I’m a voice actor, what does GDPR mean for me?

GDPR empowers European residents with legislation that protects their personal data. GDPR authority CNIL defines personal data as any information relating to an identifiable person (you) and covers a broad scope of data, such as first and last names, telephone numbers, pseudonym, date of birth, photos, voice recordings, fingerprints and more. Yes, that’s correct, your voice is protected by European GDPR.

As a voice performer, you’re at the forefront of major GDPR compliance challenges faced by professionals producing dubbing & voiceover content. As voice is considered a personal data, companies storing and processing your voice samples must comply with very specific legal requirements.

Studios providing dubbing & voiceover services often keep voice casting databases to cast projects. These casting databases contain voice samples saved from past projects, samples received directly from actors and agents, samples received from partners, etc. During the casting phase, voice samples are shared with clients, colleagues and other studios. It’s likely you don’t know which studios have which samples and with whom they have been shared with. GDPR gives you the right to know and have a say where and how your data is circulating.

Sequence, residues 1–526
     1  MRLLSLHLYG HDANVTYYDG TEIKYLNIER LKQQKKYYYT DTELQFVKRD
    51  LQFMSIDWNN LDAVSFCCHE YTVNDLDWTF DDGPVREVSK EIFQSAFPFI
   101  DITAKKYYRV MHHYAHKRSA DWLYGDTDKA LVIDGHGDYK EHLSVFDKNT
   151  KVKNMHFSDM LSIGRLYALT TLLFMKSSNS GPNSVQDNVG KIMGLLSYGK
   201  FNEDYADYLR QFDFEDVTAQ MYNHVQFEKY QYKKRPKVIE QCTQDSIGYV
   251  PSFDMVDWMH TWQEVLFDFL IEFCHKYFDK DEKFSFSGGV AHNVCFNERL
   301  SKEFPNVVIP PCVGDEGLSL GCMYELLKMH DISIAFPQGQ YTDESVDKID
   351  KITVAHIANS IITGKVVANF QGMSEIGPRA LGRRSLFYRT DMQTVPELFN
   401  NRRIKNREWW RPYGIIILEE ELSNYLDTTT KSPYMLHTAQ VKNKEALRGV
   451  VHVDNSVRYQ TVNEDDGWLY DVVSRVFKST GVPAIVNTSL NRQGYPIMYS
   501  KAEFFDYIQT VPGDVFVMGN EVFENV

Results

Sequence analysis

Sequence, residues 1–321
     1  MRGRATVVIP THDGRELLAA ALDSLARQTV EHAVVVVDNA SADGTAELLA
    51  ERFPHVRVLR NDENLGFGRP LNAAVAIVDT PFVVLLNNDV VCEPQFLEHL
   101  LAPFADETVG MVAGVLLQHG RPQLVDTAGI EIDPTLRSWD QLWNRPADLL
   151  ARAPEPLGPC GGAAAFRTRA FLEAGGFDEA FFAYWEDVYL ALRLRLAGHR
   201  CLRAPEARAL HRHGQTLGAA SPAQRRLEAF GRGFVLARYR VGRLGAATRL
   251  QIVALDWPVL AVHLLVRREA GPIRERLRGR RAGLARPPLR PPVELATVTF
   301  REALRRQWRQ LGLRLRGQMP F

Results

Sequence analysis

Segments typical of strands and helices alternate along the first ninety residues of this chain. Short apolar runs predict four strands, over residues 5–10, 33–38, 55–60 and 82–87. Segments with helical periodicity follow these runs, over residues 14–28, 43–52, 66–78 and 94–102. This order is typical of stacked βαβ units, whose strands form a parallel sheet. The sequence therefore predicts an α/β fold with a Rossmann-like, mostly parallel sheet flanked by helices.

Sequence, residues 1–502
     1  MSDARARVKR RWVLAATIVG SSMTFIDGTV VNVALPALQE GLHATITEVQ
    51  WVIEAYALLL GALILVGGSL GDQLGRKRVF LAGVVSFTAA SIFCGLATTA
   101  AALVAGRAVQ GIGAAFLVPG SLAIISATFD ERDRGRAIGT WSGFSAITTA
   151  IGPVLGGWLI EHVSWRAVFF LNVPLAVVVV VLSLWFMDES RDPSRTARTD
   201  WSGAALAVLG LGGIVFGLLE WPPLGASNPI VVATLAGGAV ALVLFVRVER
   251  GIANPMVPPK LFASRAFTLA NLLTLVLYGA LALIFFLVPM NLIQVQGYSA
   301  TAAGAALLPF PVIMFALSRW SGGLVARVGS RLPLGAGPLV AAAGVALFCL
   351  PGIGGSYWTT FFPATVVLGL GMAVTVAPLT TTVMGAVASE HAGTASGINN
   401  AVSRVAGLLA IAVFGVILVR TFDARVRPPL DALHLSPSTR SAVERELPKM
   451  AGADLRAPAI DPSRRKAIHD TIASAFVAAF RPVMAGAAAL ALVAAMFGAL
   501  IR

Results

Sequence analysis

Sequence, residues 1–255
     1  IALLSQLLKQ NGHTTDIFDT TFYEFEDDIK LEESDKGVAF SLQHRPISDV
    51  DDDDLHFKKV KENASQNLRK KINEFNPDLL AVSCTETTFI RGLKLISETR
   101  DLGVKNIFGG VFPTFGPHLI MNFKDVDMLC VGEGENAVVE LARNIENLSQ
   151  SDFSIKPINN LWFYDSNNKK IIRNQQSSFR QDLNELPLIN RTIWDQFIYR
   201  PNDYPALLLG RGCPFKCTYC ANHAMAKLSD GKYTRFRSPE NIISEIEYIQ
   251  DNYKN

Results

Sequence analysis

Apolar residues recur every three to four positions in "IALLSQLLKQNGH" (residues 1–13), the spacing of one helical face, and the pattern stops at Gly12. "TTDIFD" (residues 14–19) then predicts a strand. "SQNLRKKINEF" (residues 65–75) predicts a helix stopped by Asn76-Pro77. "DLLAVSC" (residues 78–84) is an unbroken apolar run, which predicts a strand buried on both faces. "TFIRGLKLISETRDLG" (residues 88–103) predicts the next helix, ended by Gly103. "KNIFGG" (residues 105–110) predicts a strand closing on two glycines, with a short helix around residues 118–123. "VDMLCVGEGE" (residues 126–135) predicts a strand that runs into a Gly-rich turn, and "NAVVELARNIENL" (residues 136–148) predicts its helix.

While some industry leaders have embraced GDPR and the implications of processing voice actor data, the majority are slow to adapt. GDPR obligations for studios processing your data include alerting you that you are referenced in their database (they have your samples, contact info, etc.), requesting your consent of use, providing you access to your personal data – samples included – within 30 days upon request, renewing consent of use, processing your modification and/or deletion requests, portability (if not subject to other rights), and more.

GDPR is positive and gives voice actors control of their brand image and how they are presented.

For more information on EU GDPR, we advise consulting the European Commission’s website that details your rights and companies obligations for respecting your rights.

Disclaimer: All data and information provided in this blog post are for informational purposes only. Mediartis makes no representation as to the accuracy, completeness, timeliness or validity of the information contained in this document. We recommend that you consult a lawyer for any legal advice regarding the respect of data protection.

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